Most days start with a grand plan that I whittle down to essentials over the course of the day, and maybe instead of the crackly-skinned roast chicken, kale soufflés, and plum clafoutis dinner I’d imagined, I’ll just braise one piece of chicken with some kale and garlic and eat a fresh plum for dessert. But some days, more often than I’d like, I get home too late and too tired to really cook, but hungry. I have such an effective mental block against ordering delivery food that I always fix my meals at home. So even though all I want to do is watch one of my neglected Netflix dvds while dinner miraculously appears, I end up digging through the cupboards and refrigerator for a leftover pita, some wilted chives, cheese, and whatever else needs to be used up. Fortunately, I’ve taken to preparing some quick dinner staples ahead of time so my future self won’t look so pathetic trying to make a pita-za with floppy herbs and a nub of old brie (not that I’ve ever done that).

Today was a perfect example of that tired but hungry but too stubborn to order takeout quick meal. I got in at 6:30 after walking around all day (in heels – what was I thinking?) I needed to start dinner pretty much immediately as I’d long since burned through my hearty breakfast, and I was too tired to shop for the elaborate meal I’d been planning all day. So I put on some Dexy’s Midnight Runners for energy, opened the refrigerator and took out the leftover black beans, sautéed greens, corn tortillas, and salsa, and made some bean & green tacos. Because I’d prepared all of the components a few days ago, I had a nice warm dinner ready in about 10 minutes, which is as close to miraculous as it gets.

They’re vegan and full of vegetables, which makes me feel virtuous after a breakfast of bacon-laced migas, and they’re tasty enough to qualify for a grand-plan dinner sometime. Now if you’ll excuse me, that Netflix isn’t going to watch itself.

Bean & Green Tacos (makes 2, serves 1, easily multiplied)

  • 2 corn tortillas
  • 2 tsp olive oil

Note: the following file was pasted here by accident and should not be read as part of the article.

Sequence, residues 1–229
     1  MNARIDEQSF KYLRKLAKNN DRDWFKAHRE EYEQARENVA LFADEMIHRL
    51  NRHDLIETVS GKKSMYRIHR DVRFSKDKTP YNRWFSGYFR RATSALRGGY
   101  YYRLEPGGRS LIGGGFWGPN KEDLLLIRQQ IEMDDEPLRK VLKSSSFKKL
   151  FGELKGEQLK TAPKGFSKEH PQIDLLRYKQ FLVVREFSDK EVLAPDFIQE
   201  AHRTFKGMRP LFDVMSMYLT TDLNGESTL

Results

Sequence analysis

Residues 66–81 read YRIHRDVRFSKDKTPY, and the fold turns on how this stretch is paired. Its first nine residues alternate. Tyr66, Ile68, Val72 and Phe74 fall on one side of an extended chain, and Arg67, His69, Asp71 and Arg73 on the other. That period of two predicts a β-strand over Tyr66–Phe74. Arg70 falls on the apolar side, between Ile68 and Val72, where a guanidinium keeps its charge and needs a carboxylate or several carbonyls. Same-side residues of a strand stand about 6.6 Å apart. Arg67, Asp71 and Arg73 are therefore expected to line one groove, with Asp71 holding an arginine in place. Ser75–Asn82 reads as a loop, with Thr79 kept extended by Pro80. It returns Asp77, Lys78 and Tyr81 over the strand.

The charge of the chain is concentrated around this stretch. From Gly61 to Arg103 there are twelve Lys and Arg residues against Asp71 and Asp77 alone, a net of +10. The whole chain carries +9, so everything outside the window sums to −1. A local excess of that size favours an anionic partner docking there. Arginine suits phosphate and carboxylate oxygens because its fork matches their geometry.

• 6 Tbs black beans (see recipe below)
  • 4 Tbs sautéed greens (see recipe below)
  • 2 Tbs salsa (I used peach & tomato salsa from a jar)

Heat a small skillet on high. When hot, add 1 tsp olive oil and swirl to distribute. Place a tortilla in the skillet and cook without moving until slightly puffed, about 2 minutes. Turn over and spread half with 3 Tbs black beans, 2 Tbs greens, and 1 Tbs salsa. Cook 2 minutes, remove to plate and fold the bare half over the filling. Repeat with remaining ingredients. Eat carefully.

Black Bean Filling

  • 1/2 pound dry black beans
  • water
  • 1 Tbs olive oil
  • 1/4 medium onion, diced
  • 2 tsp ground cumin
  • 2 cloves garlic, minced
  • 1/2 cup cilantro, finely chopped
  • 1 lime’s juice
  • salt to taste

Put the beans in a pot, cover with water by 1 inch. Bring to a boil, cook 1 minute, then turn off heat and soak 1 hour. Add enough water to cover by 1 inch, then return to a boil, reduce to a simmer and cook until tender, 1-2 more hours. In another pot, heat olive oil on medium, add onion and cook, stirring frequently, until lightly browned. Add cumin and garlic and cook about 2 minutes. Stir in black beans and simmer 10 minutes. Stir in cilantro and lime juice and salt to taste. Makes about 4 cups of beans, can be made ahead, keeps about 1 week.

Sautéed Greens with Garlic

  • 1 Tbs olive oil
  • 2 cloves garlic, minced
  • 1 tsp red pepper flakes
  • salt to taste
  • 4 cups lightly packed washed greens (I used a mixture of mustard, dandelion, and collard)
  • 1/4 cup water